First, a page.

PHOENIX — The fight over whether Arizonans get to vote on a renewable-energy measure is a clash of financial titans.

New reports filed with the Secretary of State’s Office show that Clean Energy for Health Arizona has collected nearly $8.3 million. With the exception of $4.88 put in by a Phoenix educator, every penny has come from NextGen Climate Action, the political action committee set up by California billionaire Tom Steyer.

The report drew the expected criticism from Matthew Benson, spokesman for Arizonans for Affordable Electricity, the group fighting the measure.

“Steyer will spare no expense in his shameless bid to buy this election and force his costly, California-style energy regulations down the throats of Arizona families,” he said in a prepared statement. By contrast, Benson said the measure is opposed by a “coalition of community leaders, business groups, taxpayer advocates and champions of the working poor.”

But what Benson did not say is that his group has amassed more than $11 million for the fight. And all that money comes from Pinnacle West Capital Corp., the parent company of Arizona Public Service, which would have to live with the new regulations should voters adopt them in November.

Both sides in the initiative fight have spent pretty much all of the money they’ve raised to date.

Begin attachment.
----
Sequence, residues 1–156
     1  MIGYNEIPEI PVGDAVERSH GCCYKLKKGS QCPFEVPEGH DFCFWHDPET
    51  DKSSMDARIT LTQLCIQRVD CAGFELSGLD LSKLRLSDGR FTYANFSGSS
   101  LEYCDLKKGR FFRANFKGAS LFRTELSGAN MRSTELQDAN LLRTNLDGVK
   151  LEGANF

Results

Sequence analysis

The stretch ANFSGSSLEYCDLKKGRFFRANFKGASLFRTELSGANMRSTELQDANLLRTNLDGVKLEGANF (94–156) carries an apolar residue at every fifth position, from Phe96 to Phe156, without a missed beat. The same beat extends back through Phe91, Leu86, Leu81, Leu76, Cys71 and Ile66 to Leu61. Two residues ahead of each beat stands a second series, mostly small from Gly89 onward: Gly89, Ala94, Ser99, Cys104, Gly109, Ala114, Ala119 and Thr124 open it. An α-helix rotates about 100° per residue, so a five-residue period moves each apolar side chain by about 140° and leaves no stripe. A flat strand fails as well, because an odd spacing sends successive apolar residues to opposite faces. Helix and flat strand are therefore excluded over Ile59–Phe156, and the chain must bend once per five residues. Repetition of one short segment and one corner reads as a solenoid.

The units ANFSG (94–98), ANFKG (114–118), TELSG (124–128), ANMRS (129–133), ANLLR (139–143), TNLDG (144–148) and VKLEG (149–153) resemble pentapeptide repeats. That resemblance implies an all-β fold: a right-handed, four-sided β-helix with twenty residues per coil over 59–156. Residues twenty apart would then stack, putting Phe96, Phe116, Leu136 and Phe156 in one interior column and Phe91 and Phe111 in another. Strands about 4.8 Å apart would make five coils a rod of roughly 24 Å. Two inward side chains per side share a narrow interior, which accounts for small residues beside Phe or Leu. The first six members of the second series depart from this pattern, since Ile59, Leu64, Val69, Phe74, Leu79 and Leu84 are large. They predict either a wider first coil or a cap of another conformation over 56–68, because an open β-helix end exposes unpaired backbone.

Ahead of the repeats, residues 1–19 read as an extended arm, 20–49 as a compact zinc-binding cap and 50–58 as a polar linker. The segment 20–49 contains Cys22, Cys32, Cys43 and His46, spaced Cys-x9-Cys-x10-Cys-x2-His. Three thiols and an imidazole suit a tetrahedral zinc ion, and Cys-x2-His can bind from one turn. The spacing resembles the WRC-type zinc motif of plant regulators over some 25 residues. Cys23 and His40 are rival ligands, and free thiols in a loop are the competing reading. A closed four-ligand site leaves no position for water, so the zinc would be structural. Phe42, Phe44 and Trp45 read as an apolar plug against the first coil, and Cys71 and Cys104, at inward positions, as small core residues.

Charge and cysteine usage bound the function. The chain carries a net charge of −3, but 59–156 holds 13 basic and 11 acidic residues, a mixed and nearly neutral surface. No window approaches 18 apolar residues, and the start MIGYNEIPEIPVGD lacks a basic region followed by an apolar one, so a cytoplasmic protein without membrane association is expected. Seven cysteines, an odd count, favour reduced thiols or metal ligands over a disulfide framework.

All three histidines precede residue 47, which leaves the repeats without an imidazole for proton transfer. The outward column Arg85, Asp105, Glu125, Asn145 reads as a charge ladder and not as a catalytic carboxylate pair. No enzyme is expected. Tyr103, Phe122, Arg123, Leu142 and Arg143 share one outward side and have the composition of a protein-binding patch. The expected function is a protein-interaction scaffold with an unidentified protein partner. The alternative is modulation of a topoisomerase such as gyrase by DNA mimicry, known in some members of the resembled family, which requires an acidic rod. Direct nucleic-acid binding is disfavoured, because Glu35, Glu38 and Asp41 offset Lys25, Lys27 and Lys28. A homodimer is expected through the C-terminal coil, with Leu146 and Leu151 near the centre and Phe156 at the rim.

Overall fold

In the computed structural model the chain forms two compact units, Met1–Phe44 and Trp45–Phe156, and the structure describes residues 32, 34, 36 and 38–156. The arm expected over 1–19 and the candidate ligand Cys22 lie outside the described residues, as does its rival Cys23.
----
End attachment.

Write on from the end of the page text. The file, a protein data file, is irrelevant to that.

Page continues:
Current Arizona Corporation Commission regulations require most utilities to obtain 15 percent of their energy from renewable sources by 2025.

The initiative, which will be Proposition 127 if Pinnacle West fails to keep it off the ballot through legal challenges, sets that goal at 50 percent by 2030.

Some of Arizona’s other ballot measures are also drawing big dollars. But the funding is nowhere near as balanced as in the renewable-energy measure.

For example, the Arizona Association of Realtors and its national organization already have put $6.1 million into an extensive media campaign for Proposition 126. That measure would put a provision into the Arizona Constitution to forever forbid lawmakers from considering sales taxes on services.

There is no organized opposition to the measure.

Proposition 207 to raise income taxes on the state’s most wealthy has found supporters outraising foes.

The Invest in Ed committee lists $2.3 million in donations, including $1.4 million from the National Education Association. By contrast, the opposition organized under the banner of Arizonans for Great Schools and Strong Economy has raised $1.2 million, with $900,000 of that from the Arizona Chamber of Commerce and Industry.

That measure, if approved, would raise $690 million a year for education, all of it coming from individuals who earn more than $250,000 a year and couples with incomes greater than $500,000.

The campaign to ban anonymous political donations, which will be on the ballot as Proposition 128 if it survives legal challenges, has so far collected $1 million in its effort to put a “right-to-know” provision in the Arizona Constitution, forcing disclosure of all donations of at least $2,500.

Officials from several groups that have made “dark money” donations in the past have gone to court to keep the measure off the ballot.